"Parameters": {
                  "VpcId" : { "Fn::GetAtt" : [ "ChildStack01", "Outputs.VpcID" ] },
               },
               "TimeoutInMinutes": "60"
           }
       }
   },
   "Outputs": {
       "StackRef": {
           "Value": { "Ref": "ChildStack02" }
       },
       "OutputFromNestedStack": {
           "Value": { "Fn::GetAtt": [ "ChildStack02", "Outputs.SubnetID" ]}
       }
   }
}

In the above example, we see ChildStack01’s output VpcID was passed as a parameter to ChildStack02, and towards the end, ChildStack02’s output SubnetID was passed to Outputs.

CloudFormation and dependencies

However, Jeff was still worried about parallel provisioning of resources as there are some environment dependencies, but later he found that wherever there was a dependency that one child stack should come up before another child stack, he can use DependsOn attribute or GetAtt function. CloudFormation is smart enough to identify dependencies while paralleling other resources.
Finally, he wanted an easy approach to update his stack and found that AWS also provides an ability to update a top-level stack and its nested stacks together. Whenever any changes are made to any template, CloudFormation detects the updates made to the top-level template as well as the nested templates and will update only those stacks whose templates have changed.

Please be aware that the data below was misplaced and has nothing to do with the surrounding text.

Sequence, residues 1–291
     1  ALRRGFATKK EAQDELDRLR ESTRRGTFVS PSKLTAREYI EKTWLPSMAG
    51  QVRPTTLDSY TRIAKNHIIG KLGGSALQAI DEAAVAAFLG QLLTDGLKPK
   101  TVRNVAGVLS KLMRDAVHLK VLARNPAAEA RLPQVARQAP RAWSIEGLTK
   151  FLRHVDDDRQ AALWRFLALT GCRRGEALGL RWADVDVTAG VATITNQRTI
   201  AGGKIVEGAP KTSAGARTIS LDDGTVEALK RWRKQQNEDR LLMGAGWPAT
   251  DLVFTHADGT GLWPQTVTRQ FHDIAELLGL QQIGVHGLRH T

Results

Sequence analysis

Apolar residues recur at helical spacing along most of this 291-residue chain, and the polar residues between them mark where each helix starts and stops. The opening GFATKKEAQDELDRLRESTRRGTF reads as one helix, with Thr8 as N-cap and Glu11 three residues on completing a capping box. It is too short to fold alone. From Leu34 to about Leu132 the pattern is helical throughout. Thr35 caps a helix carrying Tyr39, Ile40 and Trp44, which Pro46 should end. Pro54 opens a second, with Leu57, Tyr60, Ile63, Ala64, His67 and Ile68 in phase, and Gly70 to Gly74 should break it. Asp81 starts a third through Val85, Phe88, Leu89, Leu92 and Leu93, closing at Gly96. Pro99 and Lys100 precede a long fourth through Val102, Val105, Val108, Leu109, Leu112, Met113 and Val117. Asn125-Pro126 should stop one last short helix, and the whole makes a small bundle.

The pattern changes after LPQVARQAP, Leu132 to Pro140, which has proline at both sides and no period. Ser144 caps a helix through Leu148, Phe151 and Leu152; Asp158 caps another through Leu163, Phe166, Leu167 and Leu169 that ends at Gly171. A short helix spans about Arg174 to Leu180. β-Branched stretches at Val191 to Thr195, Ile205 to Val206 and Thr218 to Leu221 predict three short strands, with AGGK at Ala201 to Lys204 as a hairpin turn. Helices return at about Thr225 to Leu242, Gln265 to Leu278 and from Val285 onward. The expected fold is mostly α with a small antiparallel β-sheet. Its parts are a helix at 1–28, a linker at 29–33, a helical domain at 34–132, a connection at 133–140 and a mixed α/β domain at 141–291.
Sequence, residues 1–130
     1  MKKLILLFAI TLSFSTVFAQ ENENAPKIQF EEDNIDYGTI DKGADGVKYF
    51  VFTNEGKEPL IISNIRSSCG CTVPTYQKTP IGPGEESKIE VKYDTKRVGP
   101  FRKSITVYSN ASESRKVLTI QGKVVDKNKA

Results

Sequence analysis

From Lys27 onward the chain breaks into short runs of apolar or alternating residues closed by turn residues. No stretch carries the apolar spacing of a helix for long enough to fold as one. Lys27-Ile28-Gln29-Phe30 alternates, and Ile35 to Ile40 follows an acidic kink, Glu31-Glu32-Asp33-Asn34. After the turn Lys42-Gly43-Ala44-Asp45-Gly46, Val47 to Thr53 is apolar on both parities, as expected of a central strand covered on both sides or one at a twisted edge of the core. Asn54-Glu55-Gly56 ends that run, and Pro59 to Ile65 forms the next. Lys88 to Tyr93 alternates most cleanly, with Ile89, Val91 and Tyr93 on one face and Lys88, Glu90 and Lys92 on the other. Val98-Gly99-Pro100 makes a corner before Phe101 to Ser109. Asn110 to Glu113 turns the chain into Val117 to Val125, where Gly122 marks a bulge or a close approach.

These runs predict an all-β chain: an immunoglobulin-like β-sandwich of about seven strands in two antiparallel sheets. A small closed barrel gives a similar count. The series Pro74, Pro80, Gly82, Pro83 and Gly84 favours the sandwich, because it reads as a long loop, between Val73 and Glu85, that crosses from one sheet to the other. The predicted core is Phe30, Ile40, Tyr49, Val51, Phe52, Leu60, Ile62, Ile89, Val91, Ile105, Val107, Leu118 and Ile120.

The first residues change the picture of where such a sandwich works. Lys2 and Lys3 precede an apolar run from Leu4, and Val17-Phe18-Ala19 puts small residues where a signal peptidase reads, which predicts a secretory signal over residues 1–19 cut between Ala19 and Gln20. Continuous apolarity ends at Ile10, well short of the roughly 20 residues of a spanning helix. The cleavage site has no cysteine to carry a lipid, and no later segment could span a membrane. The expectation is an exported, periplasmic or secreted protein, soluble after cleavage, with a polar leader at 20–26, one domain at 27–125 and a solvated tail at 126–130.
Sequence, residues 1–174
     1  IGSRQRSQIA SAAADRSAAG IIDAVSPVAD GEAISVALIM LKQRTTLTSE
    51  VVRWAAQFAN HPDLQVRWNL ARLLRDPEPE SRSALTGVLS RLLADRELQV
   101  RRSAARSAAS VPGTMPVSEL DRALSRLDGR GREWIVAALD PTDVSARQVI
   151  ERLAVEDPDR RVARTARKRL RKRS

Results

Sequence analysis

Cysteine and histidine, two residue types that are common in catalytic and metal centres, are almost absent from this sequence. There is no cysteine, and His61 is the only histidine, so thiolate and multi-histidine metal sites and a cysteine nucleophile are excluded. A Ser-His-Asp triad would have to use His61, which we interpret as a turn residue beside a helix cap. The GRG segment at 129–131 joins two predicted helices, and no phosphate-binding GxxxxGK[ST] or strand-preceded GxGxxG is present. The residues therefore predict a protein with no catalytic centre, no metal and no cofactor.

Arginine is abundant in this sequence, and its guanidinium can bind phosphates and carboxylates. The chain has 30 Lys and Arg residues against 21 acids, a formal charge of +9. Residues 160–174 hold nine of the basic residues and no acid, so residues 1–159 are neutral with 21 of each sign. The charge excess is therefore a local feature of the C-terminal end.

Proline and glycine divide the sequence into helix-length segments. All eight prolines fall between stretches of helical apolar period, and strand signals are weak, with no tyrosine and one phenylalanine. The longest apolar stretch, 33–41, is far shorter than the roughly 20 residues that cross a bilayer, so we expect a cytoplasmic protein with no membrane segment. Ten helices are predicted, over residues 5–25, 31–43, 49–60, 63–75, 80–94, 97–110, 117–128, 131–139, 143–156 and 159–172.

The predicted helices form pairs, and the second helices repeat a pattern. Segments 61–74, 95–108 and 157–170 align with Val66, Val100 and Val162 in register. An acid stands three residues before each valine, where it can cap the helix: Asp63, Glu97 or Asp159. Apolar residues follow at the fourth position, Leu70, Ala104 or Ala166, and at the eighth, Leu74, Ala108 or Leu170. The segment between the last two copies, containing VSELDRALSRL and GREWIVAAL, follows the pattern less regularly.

Working with a nested template made Jeff’s life much easier. His CloudFormation templates are far more organized, modular and re-usable. Whenever there is any change in any layer of his architecture, he selects that particular template and makes the necessary changes. For the 70% of his configurations that are common across all product lifecycle environments, he’ll just have to call those portions as child templates. This allows him to focus on updates made to the environment rather than maintaining and replicating changes in all environments.

Avatar

Written by

Sanket Dangi

Head of Managed Services at REAN Cloud. Before joining REAN Cloud, I was CEO and Founder of StraightArc Solutions which was later acquired by REAN Cloud. I started my career working on cloud computing. Loves to talk about DevOps, System Administration, Scalability, High Availability, Disaster Recovery and Cloud Security. Apart from work, I love to meet people, travel and watch sports.